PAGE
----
As the government notified the Consumer Protection Act 2019, consumers have cheered the introduction of class action suits.
A 95 per cent believe that it will make redressal for misleading advertisement, defective products and deficient services easier, according to a Local Circles survey.
A 51 per cent said in the last 3 years they could not get resolution when they found they had a defective product.
With CCPA having the powers to take up cases suo-moto based on consumer complaints, many issues affecting a group of consumers could find resolution.
Earlier this week on July 20, the Ministry of Consumer Affairs notified the Consumer Protection Act 2019 bringing in a long pending consumer reform. The act includes the establishment of the Central Consumer Protection Authority, CCPA which is empowered to conduct investigations into violation of consumer rights, order recall of unsafe goods and services as well take suo- moto complaints against brands where a class of consumers is impacted due to a defective product or deficient service.
Initiating action as a class comes as an additional mode of relief for the consumers which can be used along with individual complaints to address grievances, thereby empowering the consumers and giving them an option to carry out two parallel proceedings. Common examples of such complaints are a mobile phone model having an inherently defective battery, a service billed for but the delivery defaulted upon or consumers regularly presented with unsubstantiated and misleading advertisements, and where hundreds or thousands of consumers are impacted.
In India, on the LocalCircles online community in association with the Department of Consumer Affairs, hundreds of complaints are received each month where a large number of consumers are impacted. Cases include a defunct keyboard in a particular laptop model to a service provider not honouring warranty repair and from overcharging by private hospitals to misleading advertisement leading to severe damages for consumers.
To understand the extent of the issues faced by consumers and areas where the Class Action reform should focus first, LocalCircles conducted a survey to get consumer insights. The survey received more than 48,000 responses from consumers located in 270 districts across the country.
In the first question, 49 per cent consumers said that they have had one or more inherently defective products in the last 3 years while 38 per cent said they had never faced such an issue.
The next question asked consumers in the last 3 years, when they identified a defective product how did they get the issue resolved. To this, 41 per cent said they raised the issue with the brand and they fixed it. 21 per cent said they raised the issue with the brand and they refused to fix it. 5 per cent said they raised it with the brand, they refused but the consumer won in consumer court. 13 per cent said they raised the issue with the brand, they refused to fix so the consumer created awareness about it on social media. 4 per cent said they never raised the issue with the brand as they could not reach them and 8 per cent said they never raised the issue with the brand and got it fixed locally.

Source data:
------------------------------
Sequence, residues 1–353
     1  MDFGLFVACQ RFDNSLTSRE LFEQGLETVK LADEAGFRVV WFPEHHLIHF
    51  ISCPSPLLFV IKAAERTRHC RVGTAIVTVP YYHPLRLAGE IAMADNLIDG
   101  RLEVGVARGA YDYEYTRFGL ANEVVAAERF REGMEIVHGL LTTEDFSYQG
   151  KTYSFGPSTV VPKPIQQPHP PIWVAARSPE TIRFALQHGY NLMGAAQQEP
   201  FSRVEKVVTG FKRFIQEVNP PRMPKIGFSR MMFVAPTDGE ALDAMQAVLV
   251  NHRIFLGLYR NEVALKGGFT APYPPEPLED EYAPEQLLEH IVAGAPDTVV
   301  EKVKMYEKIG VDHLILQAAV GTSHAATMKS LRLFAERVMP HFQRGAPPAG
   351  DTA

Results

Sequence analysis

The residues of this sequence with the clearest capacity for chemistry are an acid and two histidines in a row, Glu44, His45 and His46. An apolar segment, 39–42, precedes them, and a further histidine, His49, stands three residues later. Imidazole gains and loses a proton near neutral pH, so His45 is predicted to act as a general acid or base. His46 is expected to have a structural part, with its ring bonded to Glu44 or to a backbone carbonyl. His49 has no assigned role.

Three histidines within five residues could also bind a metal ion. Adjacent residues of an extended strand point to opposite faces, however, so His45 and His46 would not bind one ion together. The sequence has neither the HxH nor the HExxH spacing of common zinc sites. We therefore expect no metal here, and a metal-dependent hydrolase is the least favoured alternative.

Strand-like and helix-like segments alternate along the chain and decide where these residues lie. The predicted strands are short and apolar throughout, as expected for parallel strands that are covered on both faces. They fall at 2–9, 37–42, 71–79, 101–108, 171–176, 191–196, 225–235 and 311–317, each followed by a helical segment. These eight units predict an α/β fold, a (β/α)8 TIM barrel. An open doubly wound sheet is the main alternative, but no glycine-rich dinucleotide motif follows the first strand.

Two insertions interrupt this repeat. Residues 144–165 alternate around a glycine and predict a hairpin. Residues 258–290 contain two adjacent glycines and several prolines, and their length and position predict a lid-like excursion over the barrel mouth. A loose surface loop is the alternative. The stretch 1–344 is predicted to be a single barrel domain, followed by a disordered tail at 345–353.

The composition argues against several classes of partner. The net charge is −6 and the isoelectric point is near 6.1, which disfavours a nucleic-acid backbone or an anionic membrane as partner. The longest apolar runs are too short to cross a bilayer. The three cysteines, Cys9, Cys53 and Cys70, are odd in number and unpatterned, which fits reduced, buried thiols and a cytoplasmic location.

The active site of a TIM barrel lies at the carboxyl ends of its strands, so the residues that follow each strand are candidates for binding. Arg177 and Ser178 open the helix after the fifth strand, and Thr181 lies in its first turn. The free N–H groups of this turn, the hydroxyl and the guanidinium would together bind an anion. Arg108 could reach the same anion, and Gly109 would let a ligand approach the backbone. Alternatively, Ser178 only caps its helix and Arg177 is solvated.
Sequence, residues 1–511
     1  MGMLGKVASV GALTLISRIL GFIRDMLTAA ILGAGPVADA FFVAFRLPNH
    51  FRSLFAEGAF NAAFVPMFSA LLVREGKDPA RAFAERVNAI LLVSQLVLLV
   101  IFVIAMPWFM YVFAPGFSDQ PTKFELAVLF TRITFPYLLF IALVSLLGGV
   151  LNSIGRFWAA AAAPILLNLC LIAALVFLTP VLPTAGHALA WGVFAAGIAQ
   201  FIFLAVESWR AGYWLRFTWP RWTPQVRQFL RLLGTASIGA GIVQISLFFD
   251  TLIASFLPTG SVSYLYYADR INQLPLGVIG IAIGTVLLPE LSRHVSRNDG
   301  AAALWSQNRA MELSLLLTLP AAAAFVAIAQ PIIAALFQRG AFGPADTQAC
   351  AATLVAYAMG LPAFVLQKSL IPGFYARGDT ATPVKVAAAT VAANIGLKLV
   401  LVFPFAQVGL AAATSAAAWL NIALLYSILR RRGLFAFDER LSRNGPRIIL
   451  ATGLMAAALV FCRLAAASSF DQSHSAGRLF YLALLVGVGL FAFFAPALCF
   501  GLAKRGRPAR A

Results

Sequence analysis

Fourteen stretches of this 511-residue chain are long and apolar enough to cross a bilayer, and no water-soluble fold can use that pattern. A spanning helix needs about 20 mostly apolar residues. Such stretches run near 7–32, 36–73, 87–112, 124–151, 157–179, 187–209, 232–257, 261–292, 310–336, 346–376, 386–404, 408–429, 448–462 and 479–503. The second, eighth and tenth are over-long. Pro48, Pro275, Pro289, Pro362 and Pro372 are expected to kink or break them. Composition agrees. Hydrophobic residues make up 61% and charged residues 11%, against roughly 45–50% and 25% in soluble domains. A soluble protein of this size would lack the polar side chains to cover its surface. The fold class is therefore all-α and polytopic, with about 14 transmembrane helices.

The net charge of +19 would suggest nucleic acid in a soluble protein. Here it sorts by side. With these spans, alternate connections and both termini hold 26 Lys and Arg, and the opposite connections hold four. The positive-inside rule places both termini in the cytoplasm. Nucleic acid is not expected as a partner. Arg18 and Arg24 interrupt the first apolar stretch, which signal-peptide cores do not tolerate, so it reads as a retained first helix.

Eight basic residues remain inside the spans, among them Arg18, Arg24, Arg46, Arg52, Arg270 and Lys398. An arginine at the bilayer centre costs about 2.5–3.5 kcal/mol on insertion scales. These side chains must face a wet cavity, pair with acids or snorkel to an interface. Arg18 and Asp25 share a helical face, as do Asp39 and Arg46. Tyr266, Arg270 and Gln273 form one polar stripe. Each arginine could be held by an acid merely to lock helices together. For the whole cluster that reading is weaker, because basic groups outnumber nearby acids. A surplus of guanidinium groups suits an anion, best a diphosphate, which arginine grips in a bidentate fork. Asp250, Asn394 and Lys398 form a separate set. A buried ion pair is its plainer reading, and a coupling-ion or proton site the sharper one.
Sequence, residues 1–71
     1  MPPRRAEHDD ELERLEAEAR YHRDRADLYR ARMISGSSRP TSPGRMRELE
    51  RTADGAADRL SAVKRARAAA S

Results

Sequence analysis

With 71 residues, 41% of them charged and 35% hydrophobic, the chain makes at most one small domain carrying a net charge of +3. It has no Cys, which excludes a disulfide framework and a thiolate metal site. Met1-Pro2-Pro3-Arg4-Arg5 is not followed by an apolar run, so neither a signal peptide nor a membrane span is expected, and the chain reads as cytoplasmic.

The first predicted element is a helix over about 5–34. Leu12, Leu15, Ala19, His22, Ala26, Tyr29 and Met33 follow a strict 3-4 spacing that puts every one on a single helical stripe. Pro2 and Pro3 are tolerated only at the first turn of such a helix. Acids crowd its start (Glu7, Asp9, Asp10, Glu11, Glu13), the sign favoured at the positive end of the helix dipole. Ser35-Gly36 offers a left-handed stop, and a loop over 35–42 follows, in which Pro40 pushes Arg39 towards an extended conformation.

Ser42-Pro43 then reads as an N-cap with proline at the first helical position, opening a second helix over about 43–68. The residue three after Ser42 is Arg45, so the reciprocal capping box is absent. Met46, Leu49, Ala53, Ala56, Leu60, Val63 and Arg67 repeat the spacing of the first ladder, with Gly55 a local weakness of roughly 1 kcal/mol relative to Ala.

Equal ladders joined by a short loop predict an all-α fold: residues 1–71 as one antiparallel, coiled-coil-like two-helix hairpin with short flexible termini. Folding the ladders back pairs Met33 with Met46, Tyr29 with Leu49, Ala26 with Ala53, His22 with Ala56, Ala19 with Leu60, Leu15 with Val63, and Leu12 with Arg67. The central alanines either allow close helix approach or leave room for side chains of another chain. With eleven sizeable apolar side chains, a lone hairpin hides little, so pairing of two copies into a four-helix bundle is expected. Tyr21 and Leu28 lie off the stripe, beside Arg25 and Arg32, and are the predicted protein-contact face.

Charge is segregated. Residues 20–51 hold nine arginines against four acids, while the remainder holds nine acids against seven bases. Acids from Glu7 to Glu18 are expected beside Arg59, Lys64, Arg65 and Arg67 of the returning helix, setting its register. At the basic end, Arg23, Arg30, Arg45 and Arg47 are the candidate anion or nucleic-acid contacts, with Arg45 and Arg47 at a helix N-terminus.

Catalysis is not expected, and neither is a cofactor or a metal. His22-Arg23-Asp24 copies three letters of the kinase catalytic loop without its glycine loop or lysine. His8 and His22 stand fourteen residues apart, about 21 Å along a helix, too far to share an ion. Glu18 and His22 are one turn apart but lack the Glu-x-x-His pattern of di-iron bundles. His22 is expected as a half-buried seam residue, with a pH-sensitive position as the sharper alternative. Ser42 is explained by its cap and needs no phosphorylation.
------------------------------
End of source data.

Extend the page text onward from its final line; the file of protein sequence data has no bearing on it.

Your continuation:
The poll shows that most consumers currently suffer when they have a defective product in hand, a deficient service received or have been misled by an advertisement. Other than the lengthy process of consumer courts, till now there is no easy way to get redressal.
Other service areas where a large number of consumers face issues regularly are billing for mobile telephone services, DTH services etc. Consumers were also asked if they believed that a class action suit mechanism (where a large number of consumers facing the same issue with a defective product come together) will be instrumental in getting companies to accept returns of defective products. 95 per cent consumers agreed with it.
For instance, if a particular television model is found to have a faulty display, basis survey of other consumers owing that same model, it can be determined if a high majority is facing the same display issue. Accordingly, the brand can be approached by CCPA to initiate a product recall and if not done, a Class Action Suit framework can be utilised to take action against the brand or the company.
A 96 per cent consumers also believe that a functional class action suit mechanism should be made applicable in case of a service contract and it should be made available in this scenario.
In the next question, 93 per cent consumers said they believe that a functional class action suit mechanism should also be made applicable in case of a brand engaging in unfair trade practice or misleading advertisements.
The Consumer Protection Act 2019, under the CCPA, will also have a dedicated wing to inquire and investigate matters relating to consumer rights, unfair trade practices and misleading advertisements. According to the Consumer Protection Act 2019, the CCPA will have the powers to initiate a class action 'Suo moto'.
It will also have the ability to enforce recall, refund and/or return of products. With the Consumer Protection Act 2019 introducing the protection of consumers as a class, consumers hope that the cases of unfair trade practices, misleading ads will greatly reduce and commitment of brands towards resolving issues of defective products and service deficiencies will increase.
The success or failure of class action suits under Consumer Protection Act 2019 will be heavily dependent on how effectively is the CCPA structured and whether it takes Class Action cases on priority. With this report, the consumers have clearly identified the areas of priority as far as Class Action issues go.